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News/Business. (2010) After discredited claims that a husband sexually abused her children, a woman takes the kids and runs. New. (CC) (Stereo)

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01:00:00

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mpeg2video

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ac3

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528

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480

TOPIC FREQUENCY

Turkey 30, Oscar 20, U.s. 16, Michigan 9, Us 9, Linda Yaman 5, Gus 4, Joran Van Der Sloot 4, Dearborn 3, Helen 3, Europe 3, Stephanie Flores 2, Sam 2, Campbell 2, Emily 2, Applebee 's 2, Red Lobster 2, Zantac 2, America 2, Athens 2,
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  NBC    Dateline NBC    News/Business.  (2010) After discredited claims that a  
   husband sexually abused her children, a woman takes the kids and...  

    September 10, 2010
    9:00 - 10:00pm PDT  

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everything. >> an exclusive primetime interview from prison. >> a whole web of problems, but i created all of them myself. >> who is the man spinning this web? >> dangerous man with two faces. kindly but dangerous. >> the dangerous faces, the chilling words of joran vander slt. >> i know it's right or okay, but that's how it was. >> joran van der sloot, behind bars. also tonight -- >> i was so panicked. >> it's too hard to go on. >> the police were going to be looking for us. >> a mother of two desperate, hiding, running from the law and her ex-husband. a cross-culturing marriage once happy. >> hello, mom. we're in turkey now. >> then gone sour. >> every e-mail just kept getting worse and worse and worse. >> a young mother convinced her husband was a danger to their daughters, but a foreign court
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awarded him custody. >> how were they going to do that, take them away from me? >> she grabbed the girls and fled. >> i put them on that boat and they took off. >> now she was a fugitive, accused of kidnapping. >> we go back to turkey, i go to tr prison. >> but what caused her fear? was it her husband or dark secrets in her own family's past? >> we did have abuse in our family. >> and what will happen to her children? >> we have two little girls that are totally innocent. >> "on the run." good evening and welcome to "dateline." our story begins with a devoted mother of two, an american living oversea overseas, and he foreign-born husband. a dark fear would destroy their marriage and turn her into an international fugitive.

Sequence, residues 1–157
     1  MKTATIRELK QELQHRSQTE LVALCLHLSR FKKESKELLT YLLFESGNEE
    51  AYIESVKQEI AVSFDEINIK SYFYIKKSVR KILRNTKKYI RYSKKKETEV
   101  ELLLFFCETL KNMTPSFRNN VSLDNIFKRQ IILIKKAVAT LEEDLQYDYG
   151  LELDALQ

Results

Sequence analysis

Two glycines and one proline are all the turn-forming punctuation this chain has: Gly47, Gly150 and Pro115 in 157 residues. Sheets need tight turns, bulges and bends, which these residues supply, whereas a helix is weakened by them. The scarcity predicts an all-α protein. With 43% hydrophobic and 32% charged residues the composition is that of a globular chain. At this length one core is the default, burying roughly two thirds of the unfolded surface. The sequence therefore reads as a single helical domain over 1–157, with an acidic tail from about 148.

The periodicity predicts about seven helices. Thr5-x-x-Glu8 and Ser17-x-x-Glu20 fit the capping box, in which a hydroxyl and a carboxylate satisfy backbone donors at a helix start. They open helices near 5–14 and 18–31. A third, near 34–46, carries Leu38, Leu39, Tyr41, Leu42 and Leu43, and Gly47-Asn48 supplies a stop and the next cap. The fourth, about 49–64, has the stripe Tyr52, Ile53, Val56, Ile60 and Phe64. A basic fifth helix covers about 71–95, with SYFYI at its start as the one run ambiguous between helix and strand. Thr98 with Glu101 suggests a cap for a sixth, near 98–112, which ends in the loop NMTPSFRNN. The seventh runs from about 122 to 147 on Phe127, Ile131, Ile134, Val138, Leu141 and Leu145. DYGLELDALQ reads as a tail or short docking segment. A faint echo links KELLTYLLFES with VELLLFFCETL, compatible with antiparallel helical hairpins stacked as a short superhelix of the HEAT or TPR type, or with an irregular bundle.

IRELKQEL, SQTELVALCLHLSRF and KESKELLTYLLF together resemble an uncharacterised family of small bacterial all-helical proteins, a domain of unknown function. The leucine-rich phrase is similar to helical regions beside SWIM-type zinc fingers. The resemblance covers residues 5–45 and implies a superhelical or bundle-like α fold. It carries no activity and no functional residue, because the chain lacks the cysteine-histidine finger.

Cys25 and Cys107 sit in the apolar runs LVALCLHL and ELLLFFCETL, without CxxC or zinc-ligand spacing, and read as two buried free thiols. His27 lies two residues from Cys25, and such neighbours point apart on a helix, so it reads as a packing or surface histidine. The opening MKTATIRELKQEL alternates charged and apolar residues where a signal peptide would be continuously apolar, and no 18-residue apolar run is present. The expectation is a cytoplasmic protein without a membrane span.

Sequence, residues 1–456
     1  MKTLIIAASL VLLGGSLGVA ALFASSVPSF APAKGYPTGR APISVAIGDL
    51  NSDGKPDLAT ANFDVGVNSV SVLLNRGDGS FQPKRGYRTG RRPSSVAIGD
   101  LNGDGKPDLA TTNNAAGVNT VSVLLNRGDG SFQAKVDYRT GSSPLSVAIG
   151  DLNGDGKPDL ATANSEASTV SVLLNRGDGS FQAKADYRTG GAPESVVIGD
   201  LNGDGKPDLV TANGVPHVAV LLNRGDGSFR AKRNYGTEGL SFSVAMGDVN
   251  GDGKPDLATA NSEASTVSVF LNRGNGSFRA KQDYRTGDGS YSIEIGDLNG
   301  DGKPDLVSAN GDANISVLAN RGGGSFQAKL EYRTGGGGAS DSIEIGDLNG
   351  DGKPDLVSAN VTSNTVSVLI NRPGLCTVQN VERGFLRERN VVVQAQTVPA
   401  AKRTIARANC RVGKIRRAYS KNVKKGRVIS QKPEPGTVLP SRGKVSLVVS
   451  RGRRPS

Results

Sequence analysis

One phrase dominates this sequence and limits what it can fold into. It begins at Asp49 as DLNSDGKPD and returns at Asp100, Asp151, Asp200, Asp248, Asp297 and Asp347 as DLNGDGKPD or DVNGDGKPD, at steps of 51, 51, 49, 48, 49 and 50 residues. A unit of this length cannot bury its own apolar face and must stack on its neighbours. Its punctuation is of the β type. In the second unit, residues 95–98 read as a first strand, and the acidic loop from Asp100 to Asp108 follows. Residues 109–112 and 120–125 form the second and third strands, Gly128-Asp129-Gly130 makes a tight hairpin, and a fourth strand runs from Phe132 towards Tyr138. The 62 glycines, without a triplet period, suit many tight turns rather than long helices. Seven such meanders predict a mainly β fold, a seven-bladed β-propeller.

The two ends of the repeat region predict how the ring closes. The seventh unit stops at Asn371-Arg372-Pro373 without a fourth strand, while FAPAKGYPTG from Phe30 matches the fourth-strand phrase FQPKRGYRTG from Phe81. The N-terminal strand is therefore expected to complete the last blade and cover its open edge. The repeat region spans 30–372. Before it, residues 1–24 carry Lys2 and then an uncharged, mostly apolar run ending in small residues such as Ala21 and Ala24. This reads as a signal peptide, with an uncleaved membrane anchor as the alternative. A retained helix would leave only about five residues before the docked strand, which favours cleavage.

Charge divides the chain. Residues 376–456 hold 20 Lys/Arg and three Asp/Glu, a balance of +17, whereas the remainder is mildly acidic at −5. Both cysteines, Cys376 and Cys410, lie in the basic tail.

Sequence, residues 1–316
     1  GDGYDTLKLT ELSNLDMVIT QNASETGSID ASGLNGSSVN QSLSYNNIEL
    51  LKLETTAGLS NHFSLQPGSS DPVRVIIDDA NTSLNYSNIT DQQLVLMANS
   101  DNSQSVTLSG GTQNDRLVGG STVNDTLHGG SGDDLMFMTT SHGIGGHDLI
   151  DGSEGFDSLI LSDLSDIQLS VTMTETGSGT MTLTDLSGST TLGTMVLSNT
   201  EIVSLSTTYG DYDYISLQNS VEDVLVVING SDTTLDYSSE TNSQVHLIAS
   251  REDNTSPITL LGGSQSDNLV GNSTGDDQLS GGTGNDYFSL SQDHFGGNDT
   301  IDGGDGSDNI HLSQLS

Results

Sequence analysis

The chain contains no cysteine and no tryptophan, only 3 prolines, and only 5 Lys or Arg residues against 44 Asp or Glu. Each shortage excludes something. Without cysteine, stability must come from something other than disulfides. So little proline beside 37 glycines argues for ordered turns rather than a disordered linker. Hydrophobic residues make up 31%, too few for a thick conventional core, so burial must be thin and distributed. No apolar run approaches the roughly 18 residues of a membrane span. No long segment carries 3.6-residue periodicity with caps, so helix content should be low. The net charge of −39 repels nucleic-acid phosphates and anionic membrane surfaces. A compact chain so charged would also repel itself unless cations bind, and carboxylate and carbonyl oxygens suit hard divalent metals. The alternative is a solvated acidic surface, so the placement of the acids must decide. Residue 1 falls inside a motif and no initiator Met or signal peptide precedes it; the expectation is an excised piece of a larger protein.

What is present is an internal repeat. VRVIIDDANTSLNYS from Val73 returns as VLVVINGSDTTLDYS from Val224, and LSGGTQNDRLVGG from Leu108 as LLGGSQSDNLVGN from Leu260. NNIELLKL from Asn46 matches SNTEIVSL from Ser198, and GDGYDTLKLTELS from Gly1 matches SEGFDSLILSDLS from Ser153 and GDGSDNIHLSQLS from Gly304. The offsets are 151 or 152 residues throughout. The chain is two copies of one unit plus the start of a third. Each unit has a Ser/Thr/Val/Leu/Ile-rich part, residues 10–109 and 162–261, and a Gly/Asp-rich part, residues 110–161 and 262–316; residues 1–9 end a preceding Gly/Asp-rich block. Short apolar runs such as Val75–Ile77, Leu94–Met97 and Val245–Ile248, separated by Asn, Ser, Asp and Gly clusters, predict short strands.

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on the run for years with the two little girls she believed were in danger. but were they? here's keith morrison. ♪ >> these are stolen moments. in a world where doors slammed shut and fear is her daily companion. >> i don't know what to do. >> will authority come calling? will the next knock at the door expose them? and what will happen then? >> they could prosecute me if they found out the whole story. >> the whole story? she means the headlong flight from the law, the night crossing, the fake name, the terror of police. >> there's a cop looking at me. okay. >> and the self-imposed exile with its secret codes, its impossible demands, and her particular hope for the two little girls who are the reason at the heart of the whole
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disturbing puzzle. >> how were they going to do that, take them away from me? >> point your light in that dark place. what might you see? this is the story of a life on the run and the crucial heart-breaking question behind it. what answer would you give? the only way you'll know is this. to begin at the beginning. and that would be the love story. >> i was immediately attracted to him. >> her name is linda. >> i was working in the same department where he was studying for his ph.d. >> her mother, karen, saw it right away. >> she really had a twinkle in her eye. she fell for him immediately. >> karen, who knew her daughter linda so very well. >> they traveled together. >> linda said it's quite nice. >> it's very nice. >> i felt very close to my daughter. >> like sisters almost.